I am a Canadian writer of Scottish and Irish descent. Two years ago I began work on a book which will include the story of a Chinese Canadian, Wong Dong Wong, who was born in Taishan, and came to Canada as a boy of 16 in 1911. In 1917, he relocated from Vancouver on Canada’s West coast to Toronto, and by the late 1920s when he met my grandfather he was working as a domestic cook. In 1928 he came to work for my grandparents and stayed for 37 years. He retired to Chinatown in 1965, and died there in 1970 having never — so far as my family knew, returned to China.
Tracing Mr. Wong’s Story
All this time later, I started tracing Mr. Wong’s story, dreaming that I perhaps would succeed in finding his village. I knew it was in Tai Shan, but I very little about his origins; the family stories varied on the subject of a wife or children. He was very private, but when I was little he told me about being an orphan, and how once he’d lost his way in the fog while tending his uncle’s cow. He’d been terribly afraid, but the cow knew her way, and guided him back home through the night.
I began with the documents he left, which fortunately included one identity card issued in the early 1940, and largely in Chinese. Thus I was able to locate his ancestral village — Wing Ning. I planned the trip over a year, but just before I left for China last September, a story about my search was featured in the local Sing Tao.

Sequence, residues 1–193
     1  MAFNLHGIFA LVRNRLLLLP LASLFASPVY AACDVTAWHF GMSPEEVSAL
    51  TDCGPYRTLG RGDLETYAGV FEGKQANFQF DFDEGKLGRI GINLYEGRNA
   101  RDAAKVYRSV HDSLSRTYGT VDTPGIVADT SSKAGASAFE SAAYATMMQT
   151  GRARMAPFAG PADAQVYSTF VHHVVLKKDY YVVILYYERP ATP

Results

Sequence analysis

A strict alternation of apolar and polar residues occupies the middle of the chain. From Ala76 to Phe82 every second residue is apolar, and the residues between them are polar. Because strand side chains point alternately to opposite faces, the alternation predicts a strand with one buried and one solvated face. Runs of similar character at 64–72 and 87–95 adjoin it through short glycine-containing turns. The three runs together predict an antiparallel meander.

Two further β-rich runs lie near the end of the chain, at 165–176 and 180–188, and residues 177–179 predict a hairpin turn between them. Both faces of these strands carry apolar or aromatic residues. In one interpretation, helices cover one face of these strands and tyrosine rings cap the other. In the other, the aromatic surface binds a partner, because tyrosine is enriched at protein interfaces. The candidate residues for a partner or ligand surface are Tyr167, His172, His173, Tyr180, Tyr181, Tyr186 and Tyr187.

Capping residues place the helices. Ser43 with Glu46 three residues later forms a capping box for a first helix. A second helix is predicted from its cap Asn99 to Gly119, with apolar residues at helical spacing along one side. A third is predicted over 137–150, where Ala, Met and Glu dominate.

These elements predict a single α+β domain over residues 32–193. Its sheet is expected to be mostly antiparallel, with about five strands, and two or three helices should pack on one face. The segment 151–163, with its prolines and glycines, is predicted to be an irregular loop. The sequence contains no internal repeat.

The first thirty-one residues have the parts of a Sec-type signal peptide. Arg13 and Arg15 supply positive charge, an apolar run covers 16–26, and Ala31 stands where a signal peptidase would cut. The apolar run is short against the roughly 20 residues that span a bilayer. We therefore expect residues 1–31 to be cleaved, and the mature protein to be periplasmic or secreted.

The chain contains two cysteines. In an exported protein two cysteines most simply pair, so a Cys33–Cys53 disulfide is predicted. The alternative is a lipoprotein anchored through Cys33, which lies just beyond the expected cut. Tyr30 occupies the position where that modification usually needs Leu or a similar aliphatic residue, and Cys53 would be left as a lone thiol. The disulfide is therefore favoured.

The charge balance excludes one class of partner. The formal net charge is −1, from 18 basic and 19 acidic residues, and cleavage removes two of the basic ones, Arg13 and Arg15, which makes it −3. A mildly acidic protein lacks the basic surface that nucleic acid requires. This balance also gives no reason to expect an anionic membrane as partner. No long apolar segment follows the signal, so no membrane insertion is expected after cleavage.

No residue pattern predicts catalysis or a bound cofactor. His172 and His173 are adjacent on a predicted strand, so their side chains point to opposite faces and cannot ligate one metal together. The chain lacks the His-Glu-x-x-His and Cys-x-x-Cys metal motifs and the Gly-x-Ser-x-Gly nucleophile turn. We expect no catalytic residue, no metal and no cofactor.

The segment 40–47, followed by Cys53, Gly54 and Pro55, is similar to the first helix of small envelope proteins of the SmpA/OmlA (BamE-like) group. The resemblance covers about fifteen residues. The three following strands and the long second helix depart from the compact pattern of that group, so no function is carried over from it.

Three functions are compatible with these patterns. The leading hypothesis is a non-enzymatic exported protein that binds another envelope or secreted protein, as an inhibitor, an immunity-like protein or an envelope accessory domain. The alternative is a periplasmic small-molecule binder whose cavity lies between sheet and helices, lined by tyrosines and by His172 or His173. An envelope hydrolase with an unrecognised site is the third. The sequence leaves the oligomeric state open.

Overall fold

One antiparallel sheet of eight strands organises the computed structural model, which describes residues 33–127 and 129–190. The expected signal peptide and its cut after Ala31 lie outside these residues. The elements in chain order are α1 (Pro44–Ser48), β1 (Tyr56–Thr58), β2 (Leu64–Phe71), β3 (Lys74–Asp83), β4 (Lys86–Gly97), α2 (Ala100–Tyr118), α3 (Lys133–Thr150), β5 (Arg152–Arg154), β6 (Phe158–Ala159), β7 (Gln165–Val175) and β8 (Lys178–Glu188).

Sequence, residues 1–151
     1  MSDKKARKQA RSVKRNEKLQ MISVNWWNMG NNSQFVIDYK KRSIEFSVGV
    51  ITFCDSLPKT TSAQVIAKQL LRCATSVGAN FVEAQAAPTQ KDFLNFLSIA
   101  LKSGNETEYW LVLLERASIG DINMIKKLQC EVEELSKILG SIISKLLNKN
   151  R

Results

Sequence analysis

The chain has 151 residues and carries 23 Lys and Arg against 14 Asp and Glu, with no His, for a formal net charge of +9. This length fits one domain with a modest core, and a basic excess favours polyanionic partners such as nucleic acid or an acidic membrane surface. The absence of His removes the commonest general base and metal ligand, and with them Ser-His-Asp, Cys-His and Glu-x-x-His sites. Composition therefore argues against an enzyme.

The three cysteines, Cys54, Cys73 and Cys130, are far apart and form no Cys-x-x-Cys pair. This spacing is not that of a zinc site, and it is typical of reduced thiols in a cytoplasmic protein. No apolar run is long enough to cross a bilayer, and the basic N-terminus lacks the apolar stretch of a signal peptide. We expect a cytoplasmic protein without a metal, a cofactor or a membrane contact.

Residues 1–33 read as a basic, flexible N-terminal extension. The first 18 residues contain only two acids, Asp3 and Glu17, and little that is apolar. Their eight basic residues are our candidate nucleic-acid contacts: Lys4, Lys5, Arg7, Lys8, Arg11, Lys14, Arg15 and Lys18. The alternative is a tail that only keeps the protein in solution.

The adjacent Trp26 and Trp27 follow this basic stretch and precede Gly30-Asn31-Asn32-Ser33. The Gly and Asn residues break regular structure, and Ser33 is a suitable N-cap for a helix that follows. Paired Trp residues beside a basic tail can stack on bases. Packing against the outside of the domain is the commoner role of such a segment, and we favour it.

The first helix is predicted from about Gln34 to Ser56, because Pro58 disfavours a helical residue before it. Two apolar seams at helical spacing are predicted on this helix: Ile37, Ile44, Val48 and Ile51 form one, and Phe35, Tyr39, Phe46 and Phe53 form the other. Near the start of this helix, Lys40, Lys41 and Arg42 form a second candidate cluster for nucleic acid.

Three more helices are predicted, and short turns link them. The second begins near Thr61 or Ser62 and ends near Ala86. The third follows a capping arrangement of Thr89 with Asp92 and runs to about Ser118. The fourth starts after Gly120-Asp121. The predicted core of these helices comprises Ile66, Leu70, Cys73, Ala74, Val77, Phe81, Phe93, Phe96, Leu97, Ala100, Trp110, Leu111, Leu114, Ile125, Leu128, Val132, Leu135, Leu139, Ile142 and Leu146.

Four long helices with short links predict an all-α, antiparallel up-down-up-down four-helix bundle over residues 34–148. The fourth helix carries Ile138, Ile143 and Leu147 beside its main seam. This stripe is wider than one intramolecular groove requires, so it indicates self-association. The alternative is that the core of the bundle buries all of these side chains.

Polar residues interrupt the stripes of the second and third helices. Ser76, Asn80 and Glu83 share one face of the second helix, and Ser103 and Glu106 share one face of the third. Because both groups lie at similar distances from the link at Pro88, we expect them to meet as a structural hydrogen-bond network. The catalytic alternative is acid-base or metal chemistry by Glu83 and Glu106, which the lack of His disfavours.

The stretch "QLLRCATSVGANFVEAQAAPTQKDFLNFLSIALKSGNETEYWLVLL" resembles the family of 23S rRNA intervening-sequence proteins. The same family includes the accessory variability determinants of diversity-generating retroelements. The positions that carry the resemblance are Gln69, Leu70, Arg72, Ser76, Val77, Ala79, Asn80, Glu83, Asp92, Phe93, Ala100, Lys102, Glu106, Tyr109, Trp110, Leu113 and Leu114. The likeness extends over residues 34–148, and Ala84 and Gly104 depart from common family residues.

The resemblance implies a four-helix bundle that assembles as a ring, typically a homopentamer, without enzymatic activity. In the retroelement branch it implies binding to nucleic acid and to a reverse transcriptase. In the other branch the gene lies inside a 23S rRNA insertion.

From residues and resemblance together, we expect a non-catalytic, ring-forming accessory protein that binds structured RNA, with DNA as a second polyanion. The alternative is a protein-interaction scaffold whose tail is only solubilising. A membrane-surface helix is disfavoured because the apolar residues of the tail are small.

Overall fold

This brought a lot of calls and emails by people who were touched by the story. Several offered help, and more than one family contacted relatives in Taishan. The list included the County Bureau for Foreign and Overseas Chinese Affairs which contacted me before I’d left Beijing for Taishan!
Arriving at the Village
We met first with the Village head, Wong Jinhua, in the office of Zhen Changmin Overseas Affairs director for S’anhe County. This was the first of three meetings with Mr. Wong who was generous with his time, and in helping me meet people in the village. Director Chen Yao Hong and his staff in the FOC Affairs Bureau had researched what they could in advance, and offered continued support. I was travelling with an assistant and interpreter, but several of Bureau staff speak excellent English. We were included in the dinner being given that evening to honour Albert Chen, the founder of the Chinese Culture Foundation of San Francisco, by deputy mayor Suzanna Huang. (And it happened to be the birthday of them both!)